Glasgow 1999 has reacted with anger and dismay to claims last weekend that its year ofarchitecture and design has been a resounding flop with the public,and that its flagship Lighthouse project has been 'bailed out'with £200,000 ofextra council money.It said attendance figures have actually already easily beaten the projected 668,000 target set and are on course to top 900,000,while the extra Lighthouse money was always a set-aside figureif the building's retail units didn't take off.
The claims,made in a longScotland on Sunday article,were that the Lighthouse was asking taxpayers to foot the bill to keep it 'afloat'after it failed to let retail units at the scheme,a £12 million reworking ofa Charles Rennie Mackintosh building ( AJ 12.8.99).The money was part ofa long-standing agreement with the council to offset any rent void in the project's first year ofoperation.
The paper also claimed that the 'most recent figures'ofattendances at the festival's 14 core
exhibitions were a 'poor'673,000 and added criticism levelled at the year's 'inaccessible'programme from Neil Baxter - who was originally shortlisted for 1999 director Deyan Sudjic's job.In fact,as ofthis week that figure was up to 753,000 and the organisers maintain that the Lighthouse has 'gone down a bomb',with over 150,000 visitors in four months making it a more popular attraction than any other architecture and design centre, according to its director Stuart MacDonald.The visitor attendance figure is also more than London's Design Museum - now more than a decade old - attracts in a year.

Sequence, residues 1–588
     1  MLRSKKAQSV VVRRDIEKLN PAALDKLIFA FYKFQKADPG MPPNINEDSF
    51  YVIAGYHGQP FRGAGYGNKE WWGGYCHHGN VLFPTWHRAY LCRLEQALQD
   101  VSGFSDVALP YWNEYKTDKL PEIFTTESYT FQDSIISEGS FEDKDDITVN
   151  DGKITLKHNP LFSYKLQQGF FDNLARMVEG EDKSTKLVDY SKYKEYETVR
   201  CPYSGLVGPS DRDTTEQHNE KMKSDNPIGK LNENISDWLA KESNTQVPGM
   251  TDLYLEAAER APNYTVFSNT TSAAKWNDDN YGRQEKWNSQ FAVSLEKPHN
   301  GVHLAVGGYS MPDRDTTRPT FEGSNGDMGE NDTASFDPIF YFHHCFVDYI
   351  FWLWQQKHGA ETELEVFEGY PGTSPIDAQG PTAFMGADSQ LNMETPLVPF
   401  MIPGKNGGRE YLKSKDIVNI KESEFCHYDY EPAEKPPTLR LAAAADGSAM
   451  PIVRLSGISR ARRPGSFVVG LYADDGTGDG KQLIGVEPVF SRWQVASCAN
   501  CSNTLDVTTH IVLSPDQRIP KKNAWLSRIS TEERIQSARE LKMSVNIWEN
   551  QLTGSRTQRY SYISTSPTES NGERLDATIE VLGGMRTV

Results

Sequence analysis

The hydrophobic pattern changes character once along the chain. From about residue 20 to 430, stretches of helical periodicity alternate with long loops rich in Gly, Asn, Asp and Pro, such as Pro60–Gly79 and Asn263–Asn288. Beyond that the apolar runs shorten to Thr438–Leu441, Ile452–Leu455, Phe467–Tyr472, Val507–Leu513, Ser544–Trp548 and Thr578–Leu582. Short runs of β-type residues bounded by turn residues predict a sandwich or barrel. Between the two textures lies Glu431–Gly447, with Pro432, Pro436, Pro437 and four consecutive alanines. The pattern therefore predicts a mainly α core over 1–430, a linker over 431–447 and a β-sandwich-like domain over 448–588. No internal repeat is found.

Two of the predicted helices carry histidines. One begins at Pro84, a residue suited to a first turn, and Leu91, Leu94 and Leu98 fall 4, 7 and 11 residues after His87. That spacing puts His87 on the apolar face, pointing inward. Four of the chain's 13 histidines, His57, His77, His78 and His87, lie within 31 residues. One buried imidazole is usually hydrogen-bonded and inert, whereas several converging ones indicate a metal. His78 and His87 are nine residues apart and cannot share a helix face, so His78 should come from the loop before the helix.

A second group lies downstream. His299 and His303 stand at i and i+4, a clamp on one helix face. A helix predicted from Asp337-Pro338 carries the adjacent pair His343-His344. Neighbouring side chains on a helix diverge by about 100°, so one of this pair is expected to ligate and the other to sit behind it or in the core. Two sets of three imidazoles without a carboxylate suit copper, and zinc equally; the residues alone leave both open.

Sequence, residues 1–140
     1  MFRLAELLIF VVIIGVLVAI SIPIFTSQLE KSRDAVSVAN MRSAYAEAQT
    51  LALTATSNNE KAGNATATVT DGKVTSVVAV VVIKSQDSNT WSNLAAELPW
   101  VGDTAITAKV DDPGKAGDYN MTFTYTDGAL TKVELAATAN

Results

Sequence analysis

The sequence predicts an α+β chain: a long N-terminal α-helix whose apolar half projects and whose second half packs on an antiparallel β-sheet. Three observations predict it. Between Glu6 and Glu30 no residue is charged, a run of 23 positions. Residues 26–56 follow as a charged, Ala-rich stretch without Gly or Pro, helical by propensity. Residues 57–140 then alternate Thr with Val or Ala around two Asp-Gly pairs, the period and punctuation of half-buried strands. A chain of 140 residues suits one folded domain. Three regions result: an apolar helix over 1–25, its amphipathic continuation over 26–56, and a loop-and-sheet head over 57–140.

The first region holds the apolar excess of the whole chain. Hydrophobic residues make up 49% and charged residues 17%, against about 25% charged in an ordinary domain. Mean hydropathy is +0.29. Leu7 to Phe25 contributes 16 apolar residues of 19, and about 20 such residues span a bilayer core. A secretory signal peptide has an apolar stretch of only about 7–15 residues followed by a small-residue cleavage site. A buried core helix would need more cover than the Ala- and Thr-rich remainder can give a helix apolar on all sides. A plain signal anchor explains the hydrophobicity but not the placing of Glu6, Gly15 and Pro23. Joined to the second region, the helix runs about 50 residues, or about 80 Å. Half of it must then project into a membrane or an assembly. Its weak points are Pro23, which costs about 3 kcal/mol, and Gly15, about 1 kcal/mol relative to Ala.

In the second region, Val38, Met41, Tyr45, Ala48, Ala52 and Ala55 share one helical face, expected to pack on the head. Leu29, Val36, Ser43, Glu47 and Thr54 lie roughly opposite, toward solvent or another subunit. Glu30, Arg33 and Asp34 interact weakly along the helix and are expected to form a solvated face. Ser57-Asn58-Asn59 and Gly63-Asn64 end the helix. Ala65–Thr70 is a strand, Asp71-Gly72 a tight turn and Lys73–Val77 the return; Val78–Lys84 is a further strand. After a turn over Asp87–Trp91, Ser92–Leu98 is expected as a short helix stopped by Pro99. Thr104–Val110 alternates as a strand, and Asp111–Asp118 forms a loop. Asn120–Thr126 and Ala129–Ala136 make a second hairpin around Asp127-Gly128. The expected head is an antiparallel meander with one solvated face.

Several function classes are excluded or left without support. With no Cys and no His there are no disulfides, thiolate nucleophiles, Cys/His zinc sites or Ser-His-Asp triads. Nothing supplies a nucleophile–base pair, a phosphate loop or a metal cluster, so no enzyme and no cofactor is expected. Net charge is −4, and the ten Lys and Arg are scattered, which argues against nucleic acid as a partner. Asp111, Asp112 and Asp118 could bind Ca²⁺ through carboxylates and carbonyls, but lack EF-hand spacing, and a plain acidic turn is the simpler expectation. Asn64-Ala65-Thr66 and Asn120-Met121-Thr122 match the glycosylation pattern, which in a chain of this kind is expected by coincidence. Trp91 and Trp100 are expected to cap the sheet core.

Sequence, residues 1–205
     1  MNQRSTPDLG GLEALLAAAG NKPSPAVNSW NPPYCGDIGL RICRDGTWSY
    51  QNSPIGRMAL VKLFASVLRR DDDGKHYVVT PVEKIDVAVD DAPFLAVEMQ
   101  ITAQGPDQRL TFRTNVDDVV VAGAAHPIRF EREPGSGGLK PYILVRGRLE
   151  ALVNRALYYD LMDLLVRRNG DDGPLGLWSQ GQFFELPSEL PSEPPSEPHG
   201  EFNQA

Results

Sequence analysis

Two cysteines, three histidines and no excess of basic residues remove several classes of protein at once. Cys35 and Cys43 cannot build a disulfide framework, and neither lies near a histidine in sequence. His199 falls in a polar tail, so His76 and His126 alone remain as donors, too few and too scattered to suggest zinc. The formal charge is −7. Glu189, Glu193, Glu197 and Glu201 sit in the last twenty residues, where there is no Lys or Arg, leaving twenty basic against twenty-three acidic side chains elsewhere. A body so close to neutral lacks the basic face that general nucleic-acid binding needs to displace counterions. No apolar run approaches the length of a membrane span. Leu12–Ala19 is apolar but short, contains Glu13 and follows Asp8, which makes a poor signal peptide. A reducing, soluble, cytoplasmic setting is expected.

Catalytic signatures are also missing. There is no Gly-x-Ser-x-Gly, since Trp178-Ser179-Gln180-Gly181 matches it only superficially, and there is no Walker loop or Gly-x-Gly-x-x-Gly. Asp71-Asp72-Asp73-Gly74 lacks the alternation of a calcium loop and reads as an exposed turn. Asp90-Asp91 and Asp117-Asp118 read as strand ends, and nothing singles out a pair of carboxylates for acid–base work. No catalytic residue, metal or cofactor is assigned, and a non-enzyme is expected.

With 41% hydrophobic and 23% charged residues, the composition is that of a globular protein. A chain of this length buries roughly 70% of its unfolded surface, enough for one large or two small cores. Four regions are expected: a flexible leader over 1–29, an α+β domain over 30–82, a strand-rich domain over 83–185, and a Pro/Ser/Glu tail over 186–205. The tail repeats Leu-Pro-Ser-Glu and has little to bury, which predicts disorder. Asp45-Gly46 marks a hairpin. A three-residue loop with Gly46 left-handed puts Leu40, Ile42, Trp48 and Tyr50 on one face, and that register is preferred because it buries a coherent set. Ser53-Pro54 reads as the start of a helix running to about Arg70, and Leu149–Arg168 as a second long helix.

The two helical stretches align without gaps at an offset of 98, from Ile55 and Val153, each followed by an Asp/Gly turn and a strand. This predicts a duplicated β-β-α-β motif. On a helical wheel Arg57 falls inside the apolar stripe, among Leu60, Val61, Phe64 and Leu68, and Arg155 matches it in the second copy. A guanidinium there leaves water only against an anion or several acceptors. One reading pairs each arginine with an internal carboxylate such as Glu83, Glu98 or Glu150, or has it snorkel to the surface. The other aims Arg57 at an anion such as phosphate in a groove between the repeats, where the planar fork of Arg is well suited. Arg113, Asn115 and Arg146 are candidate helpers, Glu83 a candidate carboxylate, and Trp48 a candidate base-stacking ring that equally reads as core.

Glasgow 1999 suggested that the newspaper was perhaps out to 'get'the festival.But Sudjic is set to hit back with a letter he has drafted attacking the paper's 'onslaught'- which he branded as having the 'surreal quality ofSurealist propoganda' about it.'The year promised to be the largest and most ambitious celebration ofarchitecture and design ever attempted'he said.'And that is exactly what it has been'.